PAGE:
Detectives from the Met’s Roads and Transport Policing Command [RTPC], in partnership with Transport for London, have brought an end to the illegal operation of a man who kept dangerous drivers on the road.
Hamid Alhendi, 46, of Hendale Avenue, Barnet received a total of five years’ imprisonment for one count of perverting the course of justice and five counts of fraud at Harrow Crown Court, Tuesday, 30 March.
Sentence breakdown is:
1] Perverting the course of justice – 56 months imprisonment.
2] Fraudulently opening bank accounts in false names – six months’ imprisonment.
3] Fraudulently opening bank accounts in false names – six months’ imprisonment.
4] Fraudulently obtaining driving licenses which were then used to open bank accounts 12 months imprisonment.
5] Fraudulently obtaining driving licenses which were then used to open bank accounts 12 months imprisonment.
6] One count of fraud for providing a fake name to police when stopped for a traffic matter – four months imprisonment.
Sentences for offences 2-5 are to be served concurrently. The sentence for offence 6 is to be served consecutively).
Alhendi’s wife, Egle Slizauskaite, 38, of the same address received seven months imprisonment, suspended for 12 months, with three months electronic monitoring for perverting the course of justice.
Both had pleaded guilty to their offences at the same court, on Tuesday, 16 February.
Alhendi and an associate masterminded the scam from 253A Ealing Avenue, Wembley from 2012 to 2018.
For a fee, the pair offered a service to help those caught by traffic cameras to evade prosecution and avoid fines and penalty points on their driving licence by falsifying the Notices of Prosecution. Offenders were usually local to Alhendi and were aware of the service through word-of-mouth.
The pair also used their scam to avoid prosecution for driving offences they had committed and on one occasion this involved Alhendi’s wife, Egle Slizauskaite.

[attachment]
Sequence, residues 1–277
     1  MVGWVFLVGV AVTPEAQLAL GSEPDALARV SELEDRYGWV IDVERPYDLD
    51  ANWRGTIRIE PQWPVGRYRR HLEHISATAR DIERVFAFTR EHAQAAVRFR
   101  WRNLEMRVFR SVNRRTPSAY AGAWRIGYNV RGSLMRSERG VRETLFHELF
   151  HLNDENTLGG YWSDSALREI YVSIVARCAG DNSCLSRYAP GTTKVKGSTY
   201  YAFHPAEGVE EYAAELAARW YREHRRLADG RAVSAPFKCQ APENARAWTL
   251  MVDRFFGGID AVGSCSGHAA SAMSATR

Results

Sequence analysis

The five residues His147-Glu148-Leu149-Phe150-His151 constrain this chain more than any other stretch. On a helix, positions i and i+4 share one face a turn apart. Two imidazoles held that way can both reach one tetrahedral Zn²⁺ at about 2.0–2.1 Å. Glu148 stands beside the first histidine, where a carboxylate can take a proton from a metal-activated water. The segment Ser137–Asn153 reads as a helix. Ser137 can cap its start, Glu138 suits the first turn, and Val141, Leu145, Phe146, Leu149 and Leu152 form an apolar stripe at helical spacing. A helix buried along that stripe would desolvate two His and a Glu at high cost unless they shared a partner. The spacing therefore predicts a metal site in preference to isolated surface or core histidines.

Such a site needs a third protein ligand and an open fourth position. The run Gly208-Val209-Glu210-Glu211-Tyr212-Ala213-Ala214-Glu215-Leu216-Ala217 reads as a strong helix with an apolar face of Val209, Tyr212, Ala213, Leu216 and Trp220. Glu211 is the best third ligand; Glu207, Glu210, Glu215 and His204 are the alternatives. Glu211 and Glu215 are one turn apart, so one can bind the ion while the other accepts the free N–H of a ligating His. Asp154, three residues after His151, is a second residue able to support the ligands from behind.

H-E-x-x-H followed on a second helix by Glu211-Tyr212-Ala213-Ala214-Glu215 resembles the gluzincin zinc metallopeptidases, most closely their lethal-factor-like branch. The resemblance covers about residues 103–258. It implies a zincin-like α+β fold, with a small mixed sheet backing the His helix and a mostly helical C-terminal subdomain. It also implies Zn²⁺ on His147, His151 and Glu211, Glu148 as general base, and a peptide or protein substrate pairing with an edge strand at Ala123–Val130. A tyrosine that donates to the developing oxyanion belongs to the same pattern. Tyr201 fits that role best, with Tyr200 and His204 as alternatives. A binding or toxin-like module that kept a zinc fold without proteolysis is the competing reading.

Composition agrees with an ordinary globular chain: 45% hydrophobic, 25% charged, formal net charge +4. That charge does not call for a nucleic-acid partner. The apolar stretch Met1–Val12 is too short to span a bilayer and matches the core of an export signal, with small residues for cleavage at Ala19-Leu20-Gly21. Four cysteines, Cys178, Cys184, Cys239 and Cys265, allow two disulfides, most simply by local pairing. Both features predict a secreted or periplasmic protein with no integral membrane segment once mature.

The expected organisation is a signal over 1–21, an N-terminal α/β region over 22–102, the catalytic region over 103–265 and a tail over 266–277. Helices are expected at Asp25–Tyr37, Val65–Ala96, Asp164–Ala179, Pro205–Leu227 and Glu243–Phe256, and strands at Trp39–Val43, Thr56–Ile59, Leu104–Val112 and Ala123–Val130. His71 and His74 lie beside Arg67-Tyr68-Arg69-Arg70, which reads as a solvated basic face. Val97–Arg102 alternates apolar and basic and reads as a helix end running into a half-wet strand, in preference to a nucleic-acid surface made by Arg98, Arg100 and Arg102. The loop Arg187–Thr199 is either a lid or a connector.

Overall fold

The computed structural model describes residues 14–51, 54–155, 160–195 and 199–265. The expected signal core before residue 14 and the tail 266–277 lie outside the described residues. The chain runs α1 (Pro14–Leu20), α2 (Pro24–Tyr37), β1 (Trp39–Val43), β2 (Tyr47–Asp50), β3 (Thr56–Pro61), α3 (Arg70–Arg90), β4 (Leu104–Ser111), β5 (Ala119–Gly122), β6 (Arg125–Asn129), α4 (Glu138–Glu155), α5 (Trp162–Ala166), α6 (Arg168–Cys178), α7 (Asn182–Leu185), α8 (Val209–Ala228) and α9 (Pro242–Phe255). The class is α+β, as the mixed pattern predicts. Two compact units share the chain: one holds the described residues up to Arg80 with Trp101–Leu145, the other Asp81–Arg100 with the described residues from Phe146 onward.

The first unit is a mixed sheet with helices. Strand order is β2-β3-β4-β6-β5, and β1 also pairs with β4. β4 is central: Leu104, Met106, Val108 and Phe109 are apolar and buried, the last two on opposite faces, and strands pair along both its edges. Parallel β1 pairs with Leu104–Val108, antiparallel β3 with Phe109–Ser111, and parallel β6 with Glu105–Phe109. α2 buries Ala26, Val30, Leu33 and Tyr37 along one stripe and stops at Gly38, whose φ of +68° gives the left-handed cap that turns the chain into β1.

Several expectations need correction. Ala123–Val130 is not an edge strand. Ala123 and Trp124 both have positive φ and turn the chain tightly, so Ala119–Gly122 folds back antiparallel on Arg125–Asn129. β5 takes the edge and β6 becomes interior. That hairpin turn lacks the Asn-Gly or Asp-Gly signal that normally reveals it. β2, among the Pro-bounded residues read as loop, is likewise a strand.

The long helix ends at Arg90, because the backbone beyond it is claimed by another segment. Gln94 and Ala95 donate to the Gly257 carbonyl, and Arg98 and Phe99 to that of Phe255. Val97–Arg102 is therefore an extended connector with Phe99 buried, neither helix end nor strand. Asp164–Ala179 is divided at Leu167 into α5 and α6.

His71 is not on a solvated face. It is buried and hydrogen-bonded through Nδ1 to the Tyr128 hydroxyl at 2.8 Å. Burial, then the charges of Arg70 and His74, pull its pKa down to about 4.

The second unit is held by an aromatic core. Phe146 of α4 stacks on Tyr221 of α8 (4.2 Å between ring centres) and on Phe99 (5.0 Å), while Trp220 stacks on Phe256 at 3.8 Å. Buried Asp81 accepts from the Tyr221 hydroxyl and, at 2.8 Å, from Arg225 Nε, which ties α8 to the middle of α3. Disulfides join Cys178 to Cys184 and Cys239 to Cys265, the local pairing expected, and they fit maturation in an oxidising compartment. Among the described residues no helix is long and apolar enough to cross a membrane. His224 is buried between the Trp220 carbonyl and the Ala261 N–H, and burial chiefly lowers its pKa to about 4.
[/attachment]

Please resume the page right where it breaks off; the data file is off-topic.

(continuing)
By the end of the investigation police had identified at least 293 instances where Notices for Prosecution had been falsified.
Additionally, Alhendi used multiple false identities to fraudulently open accounts with banks, building societies and other service providers as part of the scams.
Police became aware of the scam when they identified a high volume of ‘Notices of intended prosecution’ [NIPs] pertaining to the address in Ealing Road, Wembley.
On 1 February 2018, the deception came to an end following a raid by detectives from the Met’s Roads and Transport Policing Command Proactive Crime Team on the business premises and home addresses connected with the defendants.
Among the evidence recovered were mobile phones containing images of the falsified NIPs
Alhendi’s associate and wife were arrested. However, Alhendi himself was in prison at that time for a separate offence. Alhendi and his wife were both charged as per the offences they pleaded guilty to.
The associate was charged with identification frauds and released under investigation for perverting the course of justice. During this time he fled the country but is still wanted for the offence.
Detective Constable Isabel Peres, RTPC Proactive Crime Team said: “I am very pleased with this outcome and that we have brought this illegal operation to an end.
“Alhendi’s fraudulent actions meant that motorists who committed dangerous driving offences went unpunished and unchecked. For the safety of all road users, we need to know who offending motorists are. By helping to keep dangerous drivers on the roads, Alhendi’s scam could have had serious consequences for other people walking and cycling and motorists.
“We will deal robustly with such people and look to bring to justice anyone who commits a criminal offence as this sentence shows.”